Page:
back to page 1Pederson (con't):I worked for six months on an extraterrestrial sequence that was on the script, that would explain who the extraterrestrials were... how they monitored the galaxy, very God-like. According to Arthur's idea, to any culture, a sufficiently technologically advanced culture would appear to be magic, and it's only a small step from magic to divinity. So Stanley said "you can't show the face of God," because nobody would know what it looks like. Thus we put the extraterrestrials in that category and we cut that sequence out. So we ended up with only music and the ride, and we thought that it would be easier that way than trying to explain everything.
The model of the space station, and how it appears in the film.
Pederson: I love those books, I've read them twice. I've always wanted to make a movie of that book.
Debert: Did you expect the public response to the movie?
Pederson: No. We thought it would be received fairly well, but it was rather confusing. Besides, a lot of the initial reviews were pretty negative, some were pretty good, and a few were very good. I hadn't really read them though because I was so cold from three winters in England that I went straight to Hawaii to thaw myself. And then I took two years off to chill out. I can't assess the popularity very well, because after you work so closely in a movie for so long, you will never be able to look at it in the same way that somebody else could. I have no opinion about the movie.
Actually, I prefer A CLOCKWORK ORANGE when it comes to Stanley's movies. And I like BARRY LYNDON, but it took me six weeks to decide that. I had been communicating with Stanley about it, as we did with THE SHINING. He had sent me a copy of "The Shining", to ask for some opinions and ideas. I obliged. I had never read Stephen King before. But I was disappointed with the movie, because I thought Stanley had probably indulged Jack Nicholson more than he should've. The film was not a "supernatural" film... it just turned into a psychotic killer thriller. I thought it was beside the point. It missed the "X-File" quality. One of the things Stephen King did in it, and I think is a mistake in supernatural stories, is that he mixed two things. This is not Stanley's fault, though. King mixed the ability to see the future with a ghost story. Those are two strong variables, and I think you should not combine them.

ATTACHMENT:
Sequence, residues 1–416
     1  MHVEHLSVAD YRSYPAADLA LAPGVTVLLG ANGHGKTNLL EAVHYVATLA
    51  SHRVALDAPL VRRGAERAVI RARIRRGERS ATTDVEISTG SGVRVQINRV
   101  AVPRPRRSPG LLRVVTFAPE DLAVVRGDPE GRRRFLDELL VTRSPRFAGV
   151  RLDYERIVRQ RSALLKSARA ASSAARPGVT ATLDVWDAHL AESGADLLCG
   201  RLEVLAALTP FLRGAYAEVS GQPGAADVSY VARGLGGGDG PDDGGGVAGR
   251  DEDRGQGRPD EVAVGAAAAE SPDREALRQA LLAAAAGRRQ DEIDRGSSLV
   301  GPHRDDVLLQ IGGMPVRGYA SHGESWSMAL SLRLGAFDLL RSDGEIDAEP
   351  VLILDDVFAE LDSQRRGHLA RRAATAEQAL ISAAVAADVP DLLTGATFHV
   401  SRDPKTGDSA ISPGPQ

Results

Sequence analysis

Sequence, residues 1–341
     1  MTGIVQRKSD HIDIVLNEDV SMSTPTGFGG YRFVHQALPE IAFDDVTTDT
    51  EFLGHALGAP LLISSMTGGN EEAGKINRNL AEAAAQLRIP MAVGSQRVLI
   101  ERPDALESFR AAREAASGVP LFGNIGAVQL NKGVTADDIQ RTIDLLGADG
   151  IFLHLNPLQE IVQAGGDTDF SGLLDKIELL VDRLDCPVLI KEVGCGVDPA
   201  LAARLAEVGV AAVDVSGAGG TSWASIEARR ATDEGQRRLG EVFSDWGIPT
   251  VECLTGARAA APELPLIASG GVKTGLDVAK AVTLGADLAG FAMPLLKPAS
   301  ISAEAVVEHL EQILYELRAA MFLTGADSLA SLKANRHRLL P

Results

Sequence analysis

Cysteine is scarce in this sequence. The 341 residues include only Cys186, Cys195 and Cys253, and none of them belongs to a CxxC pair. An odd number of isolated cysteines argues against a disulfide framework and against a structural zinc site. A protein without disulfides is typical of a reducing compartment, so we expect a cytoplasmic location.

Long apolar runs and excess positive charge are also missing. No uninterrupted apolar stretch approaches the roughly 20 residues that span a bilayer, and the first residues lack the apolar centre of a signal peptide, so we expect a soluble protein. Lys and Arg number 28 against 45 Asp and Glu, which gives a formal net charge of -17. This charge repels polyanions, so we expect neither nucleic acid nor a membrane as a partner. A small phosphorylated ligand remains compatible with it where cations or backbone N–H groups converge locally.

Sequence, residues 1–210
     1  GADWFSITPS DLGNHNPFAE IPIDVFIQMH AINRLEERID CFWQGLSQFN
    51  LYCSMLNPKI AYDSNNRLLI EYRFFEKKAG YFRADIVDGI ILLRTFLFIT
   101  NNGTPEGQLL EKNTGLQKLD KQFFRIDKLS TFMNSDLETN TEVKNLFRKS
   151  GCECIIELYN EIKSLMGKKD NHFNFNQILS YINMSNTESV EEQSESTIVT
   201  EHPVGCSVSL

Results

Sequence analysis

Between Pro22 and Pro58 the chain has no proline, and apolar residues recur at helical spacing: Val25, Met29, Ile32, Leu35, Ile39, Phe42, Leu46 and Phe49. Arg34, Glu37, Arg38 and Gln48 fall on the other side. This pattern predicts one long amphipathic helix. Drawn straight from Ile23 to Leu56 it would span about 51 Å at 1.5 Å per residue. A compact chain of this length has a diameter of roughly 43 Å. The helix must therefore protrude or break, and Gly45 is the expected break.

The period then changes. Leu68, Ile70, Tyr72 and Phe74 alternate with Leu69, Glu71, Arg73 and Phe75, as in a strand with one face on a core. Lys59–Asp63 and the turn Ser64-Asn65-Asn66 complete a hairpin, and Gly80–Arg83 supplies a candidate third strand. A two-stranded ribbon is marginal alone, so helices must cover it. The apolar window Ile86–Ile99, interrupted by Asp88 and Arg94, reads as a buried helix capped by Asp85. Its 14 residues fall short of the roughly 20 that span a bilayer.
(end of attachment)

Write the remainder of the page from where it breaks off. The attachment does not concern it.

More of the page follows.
Debert: How much do you think sci-fi and space movies owe to 2001, and what movies in particular have you liked since then?
Pederson: I think they owe it a lot. It changed art direction, and I'm confident to say that it is used as a paradigm in terms of the look and the behavior of things in space, partly because we have since seen real footage from Apollo and such, which would indicate a self-fulfilling prophecy. A lot of the stuff that we've seen looks just like 2001. It has given NASA an awareness that keeps coming back, because astronauts themselves bring up references from the movie more than from any other film since.
I think if you compare a lot of the sci-fi films that have been done, the ones that Doug Trumbull worked on, especially CLOSE ENCOUNTERS, kept that look of awe and
"I'm appalled with the amount of bad [sci-fi] scripts that are around."
On the business of other films and the consequences of doing a sci-fi film one way or another, there have been a lot of sci-fi films recently that have spacecraft or jumping from one dimension to another. Like STARGATE--which by the way I walked out from--I was disgusted that they wasted sometimes great art direction and a lot of detail with a bad script. I'm appalled with the amount of bad scripts that are around. For instance, INDEPENDENCE DAY had good effects, but the story was horrible... but it made a lot of money and that moves people. And that is what Hollywood is about.
VFX HQ would like to graciously thank Con Pederson for his time.
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